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Thread: Back Up

  1. #1
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    Angry Back Up

    Any body know of a free back up program for XP home?

    I just had a crash and the motherboard had to be replaced and the hard drive formatted.

    I had all my data on another disc so not problems there.

    I thought I had backed up with Easeus To Do Backup 1.1, but when I tried it appeared it only back up the Registry, see information on, http://download.cnet.com/EaseUS-Todo...-10964460.html where I download it

    Any ideas

    Oldn

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    Super Moderator CLiNT's Avatar
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    Many of the brand name imaging applications still support Windows XP, like...

    Macrium Reflect

    Acronis TI

    BootIt® Bare Metal Not Free

    Norton Ghost

    EaseUS Todo Backup



    2013 Best Disk Imaging Software Comparisons and Reviews


    Whatever software you finally decide on, make certain that you READ the fact sheets and how-to manuals in their ENTIRETY.
    Expecting to create an image and ending up with only a registry backup is a pretty big oversight on your part.
    Always go directly to the vendor site to download product, view fact sheets, and study manuals.
    Last edited by CLiNT; 2013-09-14 at 15:15.
    DRIVE IMAGING
    Invest a little time and energy in a well thought out BACKUP regimen and you will have minimal down time, and headache.

    Build your own system; get everything you want and nothing you don't.
    Latest Build:
    ASUS X99 Deluxe, Core i7-5960X, Corsair Hydro H100i, Plextor M6e 256GB M.2 SSD, Corsair DOMINATOR Platinum 32GB DDR4@2666, W8.1 64 bit,
    EVGA GTX980, Seasonic PLATINUM-1000W PSU, MountainMods U2-UFO Case, and 7 other internal drives.

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    Clint

    You put forward EaseUS Todo Backup

    I thought I had backed up with Easeus To Do Backup 1.1, but when I tried it appeared it only back up the Registry, see information on, http://download.cnet.com/EaseUS-Todo...-10964460.html where I download it

    Was it me or the software

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    Super Moderator RetiredGeek's Avatar
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    Oldn,

    The current version of EaseUS ToDo backup is 6.0. The link you provided is broken! Here's the current link.

    Or straight from EaseUS. HTH
    May the Forces of good computing be with you!

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    Bronze Lounger DrWho's Avatar
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    MS Rules....if you backup your C drive with one motherboard and then try to do a restore using another (different) motherboard, the restore will not run.

    In that case, you'd need to have all your OS and programs on disks so you could re-install them and your data files on CD or flash drive so you could copy them back to your HD.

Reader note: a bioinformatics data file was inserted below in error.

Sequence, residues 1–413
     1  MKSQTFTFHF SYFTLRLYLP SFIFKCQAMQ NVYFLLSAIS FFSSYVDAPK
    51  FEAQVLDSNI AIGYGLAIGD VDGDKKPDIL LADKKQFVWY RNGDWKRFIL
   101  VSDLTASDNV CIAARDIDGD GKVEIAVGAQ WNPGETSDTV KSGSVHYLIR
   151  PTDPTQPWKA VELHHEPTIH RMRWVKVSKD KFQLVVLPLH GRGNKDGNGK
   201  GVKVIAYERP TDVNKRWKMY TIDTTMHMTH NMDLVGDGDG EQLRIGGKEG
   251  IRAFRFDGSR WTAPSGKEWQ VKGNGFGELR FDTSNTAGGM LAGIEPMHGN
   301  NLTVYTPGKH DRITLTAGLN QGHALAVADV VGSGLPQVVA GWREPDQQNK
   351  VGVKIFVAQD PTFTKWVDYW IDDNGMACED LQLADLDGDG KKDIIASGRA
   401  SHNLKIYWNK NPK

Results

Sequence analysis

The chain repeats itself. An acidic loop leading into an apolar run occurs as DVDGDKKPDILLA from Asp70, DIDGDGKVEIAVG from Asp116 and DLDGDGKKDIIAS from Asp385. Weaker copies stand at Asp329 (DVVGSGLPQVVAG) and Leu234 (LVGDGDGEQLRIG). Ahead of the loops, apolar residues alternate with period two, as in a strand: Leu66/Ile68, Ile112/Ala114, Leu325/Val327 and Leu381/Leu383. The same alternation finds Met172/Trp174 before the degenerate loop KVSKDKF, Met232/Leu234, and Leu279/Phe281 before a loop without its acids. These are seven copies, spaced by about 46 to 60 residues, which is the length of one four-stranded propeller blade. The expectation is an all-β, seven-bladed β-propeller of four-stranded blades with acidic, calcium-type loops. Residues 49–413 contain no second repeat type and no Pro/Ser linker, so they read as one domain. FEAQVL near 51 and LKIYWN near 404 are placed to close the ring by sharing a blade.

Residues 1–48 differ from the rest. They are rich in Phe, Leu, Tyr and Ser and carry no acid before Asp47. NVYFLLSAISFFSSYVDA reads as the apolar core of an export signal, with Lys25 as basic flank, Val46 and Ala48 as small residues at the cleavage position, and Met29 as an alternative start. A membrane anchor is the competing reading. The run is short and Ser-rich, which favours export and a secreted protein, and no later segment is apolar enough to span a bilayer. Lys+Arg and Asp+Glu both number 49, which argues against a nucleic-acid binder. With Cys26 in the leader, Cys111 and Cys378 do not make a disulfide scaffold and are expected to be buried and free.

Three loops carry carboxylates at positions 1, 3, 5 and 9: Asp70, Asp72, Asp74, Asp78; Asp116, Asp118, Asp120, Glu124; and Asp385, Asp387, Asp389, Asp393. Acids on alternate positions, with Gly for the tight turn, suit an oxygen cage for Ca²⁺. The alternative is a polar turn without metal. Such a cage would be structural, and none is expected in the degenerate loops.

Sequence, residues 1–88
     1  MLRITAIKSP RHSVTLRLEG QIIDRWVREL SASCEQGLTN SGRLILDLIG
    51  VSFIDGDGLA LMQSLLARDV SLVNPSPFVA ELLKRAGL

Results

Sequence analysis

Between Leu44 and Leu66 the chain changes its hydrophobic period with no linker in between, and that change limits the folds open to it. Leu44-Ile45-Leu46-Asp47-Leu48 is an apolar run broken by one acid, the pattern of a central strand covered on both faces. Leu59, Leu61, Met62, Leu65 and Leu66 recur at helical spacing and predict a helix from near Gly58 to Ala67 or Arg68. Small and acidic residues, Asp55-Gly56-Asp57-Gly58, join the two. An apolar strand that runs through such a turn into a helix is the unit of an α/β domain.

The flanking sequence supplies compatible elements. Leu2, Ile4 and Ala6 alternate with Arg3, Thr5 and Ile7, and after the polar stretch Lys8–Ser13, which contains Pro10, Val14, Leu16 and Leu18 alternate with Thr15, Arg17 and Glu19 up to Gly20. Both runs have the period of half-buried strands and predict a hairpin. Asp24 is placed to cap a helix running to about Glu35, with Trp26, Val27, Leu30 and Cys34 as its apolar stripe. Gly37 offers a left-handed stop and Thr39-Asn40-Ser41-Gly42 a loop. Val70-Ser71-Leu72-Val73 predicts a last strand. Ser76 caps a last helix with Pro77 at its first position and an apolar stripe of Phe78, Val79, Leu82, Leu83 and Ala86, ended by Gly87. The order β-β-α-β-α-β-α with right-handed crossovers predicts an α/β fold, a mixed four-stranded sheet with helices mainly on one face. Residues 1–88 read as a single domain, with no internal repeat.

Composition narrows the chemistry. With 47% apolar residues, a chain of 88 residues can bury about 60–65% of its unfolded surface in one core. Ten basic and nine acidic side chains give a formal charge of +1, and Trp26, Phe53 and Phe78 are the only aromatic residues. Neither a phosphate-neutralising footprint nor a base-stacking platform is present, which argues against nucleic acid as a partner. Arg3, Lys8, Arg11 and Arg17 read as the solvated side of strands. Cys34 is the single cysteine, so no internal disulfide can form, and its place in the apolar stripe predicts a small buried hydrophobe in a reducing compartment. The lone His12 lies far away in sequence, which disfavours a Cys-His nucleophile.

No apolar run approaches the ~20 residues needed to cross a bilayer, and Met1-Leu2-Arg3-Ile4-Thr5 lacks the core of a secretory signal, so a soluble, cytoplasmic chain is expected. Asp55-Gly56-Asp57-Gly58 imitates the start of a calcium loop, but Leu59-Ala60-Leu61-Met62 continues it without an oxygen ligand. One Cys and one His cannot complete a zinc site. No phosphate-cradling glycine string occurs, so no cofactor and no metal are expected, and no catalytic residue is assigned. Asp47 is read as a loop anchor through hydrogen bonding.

I've been doing whole partition backups since 1997, using Ghost run from a DOS boot disk.
    I'm currently using Ghost 11.5, the last of the DOS based Backups from Ghost.(symantec)
    With my Ghost 11.5 boot disk, I can boot up any PC and back up any OS from '98 to Win-8.1, even Linux.
    It also has a High Compression option, for baking up to DVD's.

    In all those years, it's never failed me.

    I found an ISO for it recently, one day, while snooping around on the internet. Go figure.

    Experience is truly the best teacher.

    Backup! Backup! Backup! GHOST Rocks!

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  10. #7
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    Hi Dr

    When I tried to use the back up I did not know it was the mother board doing it.
    Thanks for the MS rule I did not know that

  11. #8
    Bronze Lounger DrWho's Avatar
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    It's a very old rule.
    And I'm not sure if in 2013 that rule still applies.
    I'm sure that some Super Guru will weigh in on the subject.

    But just in case it does, I do a data file backup to two external drives, every day, to insure the preservation of my own data files. I've been collecting those files for 13 years now, , , I'd really hate to loose them.

    Then, if I'm forced to replace my 8 year old motherboard, with a new one, I won't loose any data when I have to reinstall my OS and programs.

    Or, I can just copy my data to my backup system and go on as if nothing ever happened.

    It's always nice to have options! Eh?

    But when you don't do good backups, you seriously diminish your options.

    Good Luck!
    The Doctor
    Experience is truly the best teacher.

    Backup! Backup! Backup! GHOST Rocks!

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    Super Moderator bbearren's Avatar
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    Quote Originally Posted by DrWho View Post
    MS Rules....if you backup your C drive with one motherboard and then try to do a restore using another (different) motherboard, the restore will not run.
    That depends on the software being used. I've used TeraByte's imaging software a number of times for significant hardware upgrades. Did it with retail versions of Windows 2000 Pro, XP, (with the imaging component of BootIt Next Generation) and Windows 7 Ultimate (using Image for DOS, which is packaged with Image for Windows).

    There's a simple trick that makes it go quite smoothly. With Windows 2000 Pro I went from an AMD K6III+ 450MHz in a Via Socket 7 board to an Intel Pentium III in an Intel Socket 370 board. Changed graphics cards at the same time as well, but can't remember the model - an older ATI to a newer ATI.